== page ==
Studio Marketers Push Direct-to-Consumer Approach During Pandemic

As Hollywood slowly re-emerges from shutdown during the coronavirus pandemic, studios have rejiggered marketing efforts to help sell content and entice a wary consumer base.

At an Aug. 31 online industry roundtable, marketing reps from Amazon Studios, Universal Pictures, Sony Pictures, Neon and Searchlight Pictures International discussed the marketing challenges for new movies in the COVID-19 era. Specifically, studios contend they don’t have the luxury of time to educate consumers about a new title as they did pre-COVID-19.

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“In the old days … we all thought that you had to launch a trailer early out, maybe four, five months out, and then you would build awareness and so forth,” Dwight Caines, co-president of marketing at Universal, told the roundtable hosted by Variety. “Now, we launch trailers a month and a half out and feel that we can still build awareness for that core audience.”

The marketers said social media and video chat platforms have become the new norm pushing a movie, the director and key actors to the consumer in place of the previous press-junket that often limited talent to time-consuming one-on-one interviews.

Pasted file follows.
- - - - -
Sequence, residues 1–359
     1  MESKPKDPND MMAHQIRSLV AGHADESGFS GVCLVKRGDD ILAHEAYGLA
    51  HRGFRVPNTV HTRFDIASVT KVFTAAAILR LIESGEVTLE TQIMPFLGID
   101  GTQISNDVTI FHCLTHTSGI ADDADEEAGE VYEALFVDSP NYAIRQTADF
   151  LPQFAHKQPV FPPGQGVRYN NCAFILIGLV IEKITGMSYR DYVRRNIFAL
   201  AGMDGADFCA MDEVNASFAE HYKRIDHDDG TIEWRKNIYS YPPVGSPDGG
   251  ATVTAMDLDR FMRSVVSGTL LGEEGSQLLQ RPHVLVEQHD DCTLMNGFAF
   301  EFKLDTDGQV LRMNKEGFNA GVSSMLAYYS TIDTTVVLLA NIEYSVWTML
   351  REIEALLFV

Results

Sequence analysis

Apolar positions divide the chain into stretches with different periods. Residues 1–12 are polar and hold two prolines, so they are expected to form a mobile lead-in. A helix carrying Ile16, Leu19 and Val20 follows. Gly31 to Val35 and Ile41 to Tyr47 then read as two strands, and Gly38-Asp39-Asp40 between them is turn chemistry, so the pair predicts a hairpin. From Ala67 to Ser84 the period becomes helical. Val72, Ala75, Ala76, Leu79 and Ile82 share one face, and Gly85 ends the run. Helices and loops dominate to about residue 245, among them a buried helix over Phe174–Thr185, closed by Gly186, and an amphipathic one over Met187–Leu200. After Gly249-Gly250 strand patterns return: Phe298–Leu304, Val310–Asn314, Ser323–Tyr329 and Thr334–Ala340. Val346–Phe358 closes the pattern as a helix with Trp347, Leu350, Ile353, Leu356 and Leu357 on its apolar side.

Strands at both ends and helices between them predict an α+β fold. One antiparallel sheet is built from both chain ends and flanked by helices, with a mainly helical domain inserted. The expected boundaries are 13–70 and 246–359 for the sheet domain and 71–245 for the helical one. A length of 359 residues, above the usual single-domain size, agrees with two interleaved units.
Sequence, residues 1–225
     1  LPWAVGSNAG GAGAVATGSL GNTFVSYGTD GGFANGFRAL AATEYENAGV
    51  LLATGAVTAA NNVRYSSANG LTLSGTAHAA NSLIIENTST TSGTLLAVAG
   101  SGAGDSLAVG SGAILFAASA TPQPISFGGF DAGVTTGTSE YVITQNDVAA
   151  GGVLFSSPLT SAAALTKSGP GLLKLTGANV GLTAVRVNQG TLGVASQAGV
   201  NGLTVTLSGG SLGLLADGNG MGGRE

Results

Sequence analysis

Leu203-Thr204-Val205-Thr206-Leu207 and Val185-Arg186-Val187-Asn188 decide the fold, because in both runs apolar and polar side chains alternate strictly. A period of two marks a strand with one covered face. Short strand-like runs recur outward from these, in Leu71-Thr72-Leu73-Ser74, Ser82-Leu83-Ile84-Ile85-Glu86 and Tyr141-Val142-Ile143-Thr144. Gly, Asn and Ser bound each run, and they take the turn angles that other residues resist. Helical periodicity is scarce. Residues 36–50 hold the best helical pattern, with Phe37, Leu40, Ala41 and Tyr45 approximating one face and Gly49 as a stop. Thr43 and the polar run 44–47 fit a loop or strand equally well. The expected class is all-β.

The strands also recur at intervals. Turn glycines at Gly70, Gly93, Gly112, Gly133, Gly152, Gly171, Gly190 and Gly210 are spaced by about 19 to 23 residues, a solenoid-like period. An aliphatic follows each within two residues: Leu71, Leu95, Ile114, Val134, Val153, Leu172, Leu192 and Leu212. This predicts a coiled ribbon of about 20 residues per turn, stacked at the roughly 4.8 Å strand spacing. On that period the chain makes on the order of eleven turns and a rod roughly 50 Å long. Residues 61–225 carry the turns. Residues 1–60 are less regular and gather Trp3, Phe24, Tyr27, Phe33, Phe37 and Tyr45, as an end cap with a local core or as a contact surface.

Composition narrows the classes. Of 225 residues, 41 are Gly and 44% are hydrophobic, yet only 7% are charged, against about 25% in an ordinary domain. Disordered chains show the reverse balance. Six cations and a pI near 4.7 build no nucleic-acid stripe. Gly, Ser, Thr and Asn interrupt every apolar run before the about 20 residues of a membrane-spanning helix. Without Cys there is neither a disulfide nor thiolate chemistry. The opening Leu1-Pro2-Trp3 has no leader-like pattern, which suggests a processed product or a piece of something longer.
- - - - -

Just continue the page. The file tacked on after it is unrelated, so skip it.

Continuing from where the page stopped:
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“There’s something that’s very democratic and sort of egalitarian about being able to work with the talent in different time zones via technology,” said Searchlight’s Rebecca Kearey.

Marketers said the move toward premium VOD and transactional VOD for some new-release titles has been helped by advancements in technology that enable talent to conduct many more interviews from the comfort of their home.

“That’s one of the elements that when we return to life as we knew it, a theatrical experience, we will still keep some of those remote publicity and campaign opportunities,” Caines said.

Christian Davin, head of movie marketing at Amazon, said the push toward PVOD and expedited transactional VOD allows studios “to pierce the cultural zeitgeist in a global way.”

“When you have a singular day and date release around the world, it no longer matters if you live near a theater … or if you’re in a country where in a traditional model the movie wouldn’t get to you for a couple of weeks. You can, through the power of technology, have a shared universal experience with people across the globe,” Davin said.

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